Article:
Using a WordprocessingML Document as a Template in the Document Generation Process

In this post, I examine the approaches for building a template document for the document generation process.

This post is the second in a series of blog posts.  Here is the complete list: Generating Open XML WordprocessingML Documents Blog Post Series

In my approach to document generation, a template document is a DOCX document that contains content controls that will control the document generation process.  The document template designer can format this document as desired, and the document generation process will generate documents that have the format of the template document.

When working with content controls, first of all, remember that you need to turn on the developer tab in the ribbon.  Click File => Options => Customize Ribbon, and then turn on the developer tab:

Turning on the Developer Tab

Turning on the Developer Tab

Another point that will make it easier to work with content controls is to turn on design mode.  If design mode is turned off (which is the default), content controls have a square boxed appearance with a tab at the top that contains the title of the content control:

Content Control - not in Design Mode

Content Control - not in Design Mode

This is not a problem, except that if the focus is not in a content control, there is no visual indication that the content control is there.  Instead, turn on design mode:

Turning on design mode

Turning on design mode

With design mode turned on, content controls have blue tags that indicate the beginning and end of the location of a content control.  With design mode turned on, a template document will look something like the following:

Sample template document with content controls

Sample template document with content controls

In this document, plain text content controls contain a LINQ query that returns a single value.  Formatting is easy – the value returned by the query takes on the formatting of the containing run or paragraph.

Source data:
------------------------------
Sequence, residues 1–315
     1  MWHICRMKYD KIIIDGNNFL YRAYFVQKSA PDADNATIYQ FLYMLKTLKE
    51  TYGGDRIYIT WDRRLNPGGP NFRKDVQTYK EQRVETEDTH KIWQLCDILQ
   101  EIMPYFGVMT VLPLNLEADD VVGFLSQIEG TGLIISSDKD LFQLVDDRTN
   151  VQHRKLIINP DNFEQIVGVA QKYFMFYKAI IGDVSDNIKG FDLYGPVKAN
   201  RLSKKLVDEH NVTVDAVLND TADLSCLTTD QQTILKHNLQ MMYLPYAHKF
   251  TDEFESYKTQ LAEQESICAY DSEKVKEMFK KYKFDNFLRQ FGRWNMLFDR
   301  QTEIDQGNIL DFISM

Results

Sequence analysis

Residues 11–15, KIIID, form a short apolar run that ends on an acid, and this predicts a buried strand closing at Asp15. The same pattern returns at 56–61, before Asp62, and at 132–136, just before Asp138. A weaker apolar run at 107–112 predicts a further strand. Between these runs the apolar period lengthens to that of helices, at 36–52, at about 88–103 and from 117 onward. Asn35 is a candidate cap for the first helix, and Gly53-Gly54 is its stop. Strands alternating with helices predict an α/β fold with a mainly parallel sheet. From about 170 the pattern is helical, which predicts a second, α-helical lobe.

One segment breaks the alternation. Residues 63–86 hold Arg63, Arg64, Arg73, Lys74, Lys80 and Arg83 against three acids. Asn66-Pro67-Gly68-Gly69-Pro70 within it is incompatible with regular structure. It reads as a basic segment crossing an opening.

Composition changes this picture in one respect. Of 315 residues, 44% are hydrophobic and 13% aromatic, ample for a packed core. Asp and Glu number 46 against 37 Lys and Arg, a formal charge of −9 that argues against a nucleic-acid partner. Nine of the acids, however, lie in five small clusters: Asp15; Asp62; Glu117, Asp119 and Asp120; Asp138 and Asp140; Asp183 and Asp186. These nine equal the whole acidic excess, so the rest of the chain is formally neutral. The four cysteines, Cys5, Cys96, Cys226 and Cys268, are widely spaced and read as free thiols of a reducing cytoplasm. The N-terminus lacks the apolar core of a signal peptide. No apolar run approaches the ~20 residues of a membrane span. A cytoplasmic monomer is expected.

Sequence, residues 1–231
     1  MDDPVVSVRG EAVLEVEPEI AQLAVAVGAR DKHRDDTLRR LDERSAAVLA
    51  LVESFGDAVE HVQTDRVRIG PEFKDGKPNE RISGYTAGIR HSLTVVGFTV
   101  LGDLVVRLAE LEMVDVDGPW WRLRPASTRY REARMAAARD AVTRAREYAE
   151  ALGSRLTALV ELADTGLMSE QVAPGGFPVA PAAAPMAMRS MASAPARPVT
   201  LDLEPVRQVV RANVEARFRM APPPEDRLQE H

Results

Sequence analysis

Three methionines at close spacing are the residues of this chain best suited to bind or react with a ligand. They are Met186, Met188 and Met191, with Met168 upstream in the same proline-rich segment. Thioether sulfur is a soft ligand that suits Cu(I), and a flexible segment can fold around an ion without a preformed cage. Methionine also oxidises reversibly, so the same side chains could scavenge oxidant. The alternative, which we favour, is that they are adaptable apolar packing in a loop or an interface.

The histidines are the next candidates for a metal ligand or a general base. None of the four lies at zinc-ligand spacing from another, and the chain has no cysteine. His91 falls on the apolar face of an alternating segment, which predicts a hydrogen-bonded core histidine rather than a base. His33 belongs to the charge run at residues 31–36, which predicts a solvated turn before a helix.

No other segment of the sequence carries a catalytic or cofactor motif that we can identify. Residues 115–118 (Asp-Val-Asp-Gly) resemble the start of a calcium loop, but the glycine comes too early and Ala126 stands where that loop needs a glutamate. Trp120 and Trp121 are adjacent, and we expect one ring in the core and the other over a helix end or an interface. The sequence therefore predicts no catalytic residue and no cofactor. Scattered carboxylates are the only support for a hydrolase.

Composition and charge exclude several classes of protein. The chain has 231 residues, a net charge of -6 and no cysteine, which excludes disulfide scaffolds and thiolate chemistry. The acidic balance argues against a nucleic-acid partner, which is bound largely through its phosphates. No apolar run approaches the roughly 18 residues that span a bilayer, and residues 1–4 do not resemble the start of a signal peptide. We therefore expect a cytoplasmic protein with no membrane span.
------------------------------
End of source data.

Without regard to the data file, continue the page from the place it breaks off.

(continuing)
In this document, the rich text content control with Table as its title contains a LINQ query that returns a collection of anonymous types.  The results of the query will be inserted into the document as a WordprocesssingML table.  The inserted table will have the formatting of the empty table that is inserted into the rich text content control.

Other uses of the word ‘Template’ in Microsoft Office

One minor issue around the idea of creating a template WordprocessingML document is that the term ‘template’ is overloaded.  Microsoft Word has the notion of ‘Document Templates’, which are saved with the dotx extension.  These are WordprocessingML documents with one special characteristic – when the user opens one of these documents, the user cannot directly save back to the dotx file – the user must instead supply a new filename, and Word will append docx as the extension.

In addition, related to dotx document templates are ‘document template projects’ in Visual Studio 2010 (and 2008).  These are template-based document-level projects (see Architecture of Document-Level Customizations) that consist of managed code that is attached to a document template instead of a document.  The user opens the template, uses the managed customization to do whatever it does, and then saves as a docx document.  The docx document can have a managed customization, or it can be stripped of the customization, leaving a plain old docx.

For this document generation project, we don’t need to use either of these facilities.  Instead, the template document that the designer creates is, as far as Word is concerned, an ordinary word-processing document.



  1. Svetlin said,

    January 26, 2011 @ 10:09 pm

    Thanks for the post Eric!

    I took very similar approach back in mid 2008 when I first got involved in this project. But, due to requirements constraints I had to do some extra work.